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Document Max. Freq Min. Freq
P. Ovidius Naso, Metamorphoses (ed. Brookes More) 26 0 Browse Search
T. Maccius Plautus, Rudens, or The Fisherman's Rope (ed. Henry Thomas Riley) 12 0 Browse Search
P. Ovidius Naso, Metamorphoses (ed. Arthur Golding) 12 0 Browse Search
Epictetus, Works (ed. George Long) 6 0 Browse Search
Titus Livius (Livy), History of Rome, books 1-10 (ed. Rev. Canon Roberts) 6 0 Browse Search
Epictetus, Works (ed. Thomas Wentworth Higginson) 4 0 Browse Search
Phaedrus, The Fables of Phaedrus (ed. Christopher Smart, Christopher Smart, A. M.) 2 0 Browse Search
P. Ovidius Naso, Art of Love, Remedy of Love, Art of Beauty, Court of Love, History of Love, Amours (ed. various) 2 0 Browse Search
C. Suetonius Tranquillus, The Lives of the Caesars (ed. Alexander Thomson) 2 0 Browse Search
Q. Horatius Flaccus (Horace), Odes (ed. John Conington) 2 0 Browse Search
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Browsing named entities in P. Ovidius Naso, Metamorphoses (ed. Arthur Golding). You can also browse the collection for Hercules (Pennsylvania, United States) or search for Hercules (Pennsylvania, United States) in all documents.

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P. Ovidius Naso, Metamorphoses (ed. Arthur Golding), Book 9, line 1 (search)
frame Shee was in myne opinion. And the hope to win her love Did mickle envy and debate among hir wooers move. With whome I entring to the house of him that should have bee My fathrilaw: Parthaons sonne (I sayd) accept thou mee Thy Sonnylaw. And Hercules in selfsame sort did woo. And all the other suters streight gave place unto us two. He vaunted of his father Jove, and of his famous deedes, And how ageinst his stepdames spyght his prowesse still proceedes. And I ageine a toother syde sayd thking as their pryse to have the fayrest Cow in all The feeld to bee their make, and all the herd bothe greate and small Stand gazing on them fearfully not knowing unto which The conquest of so greate a gayne shall fall. Three tymes a twich Gave Hercules and could not wrinch my leaning brest him fro But at the fourth he shooke mee off and made mee to let go My hold: and with a push (I will tell truthe) he had a knacke To turne me off, and heavily he hung upon my backe. And if I may beleeved be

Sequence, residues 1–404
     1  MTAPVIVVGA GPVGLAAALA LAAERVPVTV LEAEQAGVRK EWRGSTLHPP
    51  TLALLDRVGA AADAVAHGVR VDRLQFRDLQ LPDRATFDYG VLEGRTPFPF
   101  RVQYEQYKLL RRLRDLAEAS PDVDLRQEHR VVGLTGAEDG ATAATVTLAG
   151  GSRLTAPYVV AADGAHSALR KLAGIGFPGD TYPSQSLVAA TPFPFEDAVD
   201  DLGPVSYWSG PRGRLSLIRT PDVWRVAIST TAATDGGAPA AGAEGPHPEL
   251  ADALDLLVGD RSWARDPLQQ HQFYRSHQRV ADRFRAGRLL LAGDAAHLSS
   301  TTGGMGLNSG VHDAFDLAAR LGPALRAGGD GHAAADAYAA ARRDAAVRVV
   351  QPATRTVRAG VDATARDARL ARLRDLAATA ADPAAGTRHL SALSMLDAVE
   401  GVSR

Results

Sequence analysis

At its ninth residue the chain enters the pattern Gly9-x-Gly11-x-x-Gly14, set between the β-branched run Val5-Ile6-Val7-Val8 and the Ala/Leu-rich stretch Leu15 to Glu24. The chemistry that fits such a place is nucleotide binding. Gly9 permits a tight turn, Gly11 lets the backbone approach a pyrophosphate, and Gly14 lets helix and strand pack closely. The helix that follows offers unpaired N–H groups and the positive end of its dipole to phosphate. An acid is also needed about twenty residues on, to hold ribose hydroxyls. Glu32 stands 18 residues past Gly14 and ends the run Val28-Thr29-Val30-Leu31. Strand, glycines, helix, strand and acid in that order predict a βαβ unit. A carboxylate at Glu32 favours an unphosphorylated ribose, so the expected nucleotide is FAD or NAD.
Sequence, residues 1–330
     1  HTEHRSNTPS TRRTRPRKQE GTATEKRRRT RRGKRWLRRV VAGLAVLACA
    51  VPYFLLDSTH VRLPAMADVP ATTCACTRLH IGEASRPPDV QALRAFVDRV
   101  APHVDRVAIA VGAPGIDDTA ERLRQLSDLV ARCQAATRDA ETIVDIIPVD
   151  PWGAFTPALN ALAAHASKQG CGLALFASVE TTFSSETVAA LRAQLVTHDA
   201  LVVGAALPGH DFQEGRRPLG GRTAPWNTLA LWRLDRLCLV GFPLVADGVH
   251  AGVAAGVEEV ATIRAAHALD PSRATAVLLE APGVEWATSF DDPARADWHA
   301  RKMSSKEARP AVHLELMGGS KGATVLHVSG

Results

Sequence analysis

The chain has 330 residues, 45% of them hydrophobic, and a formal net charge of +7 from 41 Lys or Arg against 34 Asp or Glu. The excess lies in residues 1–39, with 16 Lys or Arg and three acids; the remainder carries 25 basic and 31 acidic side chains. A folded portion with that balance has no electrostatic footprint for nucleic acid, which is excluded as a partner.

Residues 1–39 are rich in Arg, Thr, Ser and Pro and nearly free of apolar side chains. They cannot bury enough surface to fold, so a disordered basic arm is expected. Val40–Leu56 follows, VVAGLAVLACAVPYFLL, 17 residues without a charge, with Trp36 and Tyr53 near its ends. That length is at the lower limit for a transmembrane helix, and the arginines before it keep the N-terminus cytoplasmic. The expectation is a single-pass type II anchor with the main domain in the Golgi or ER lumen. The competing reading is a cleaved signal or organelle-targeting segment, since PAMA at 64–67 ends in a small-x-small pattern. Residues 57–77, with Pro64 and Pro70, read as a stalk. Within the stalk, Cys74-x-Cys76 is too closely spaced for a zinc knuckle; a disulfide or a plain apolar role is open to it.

P. Ovidius Naso, Metamorphoses (ed. Arthur Golding), Book 9, line 98 (search)
nnell was, That scarce a man could any where fynd place of passage. As Not caring for himself but for his wyfe he there did stand, This Nessus came unto him (who was strong of body and Knew well the foordes), and sayd: Use thou thy strength, O Hercules, In swimming. I will fynd the meanes this Ladie shall with ease Bee set uppon the further bank. So Hercules betooke His wyfe to Nessus. Shee for feare of him and of the brooke Lookte pale. Her husband as he had his quiver by his syde Of arrowes Hercules betooke His wyfe to Nessus. Shee for feare of him and of the brooke Lookte pale. Her husband as he had his quiver by his syde Of arrowes full, and on his backe his heavy Lyons hyde, (For to the further bank he erst his club and bow had cast) Said: Sith I have begonne, this brooke bothe must and shalbee past. He never casteth further doubts, nor seekes the calmest place, But through the roughest of the streame he cuts his way apace. Now as he on the furthersyde was taking up his bow, His heard his wedlocke shreeking out, and did hir calling know: And cryde to Nesse (who went about to deale unfaythfully In running with his char
P. Ovidius Naso, Metamorphoses (ed. Arthur Golding), Book 15, line 1 (search)
went With peynfull travell, to the towne where Hercules did hoste. And asking who it was of Greece that in th'Italian coast Had buylt that towne, an aged man well seene in storyes old, To satisfye his mynd therin the processe thus him told: As Hercules enriched with the Spannish kyne did hold His voyage from the Ocean sea, men say with lucky cut He came aland on Lacine coast. And whyle he there did put His beace to grazing, he himself in Crotons house did rest, The greatest man in all thosrcifull all blacke into the pot. But when the stones were powred out to number, there was not A blacke among them. All were whyght. And so through Hercles powre A gentle judgement did proceede, and he was quit that howre. Then gave he thankes to Hercules, and having prosprous blast, Cut over the Ionian sea, and so by Tarent past Which Spartanes buylt, and Cybaris, and Neaeth Salentine, And Thurine bay, and Emese, and eeke the pastures fyne Of Calabrye. And having scarce well sought the coastes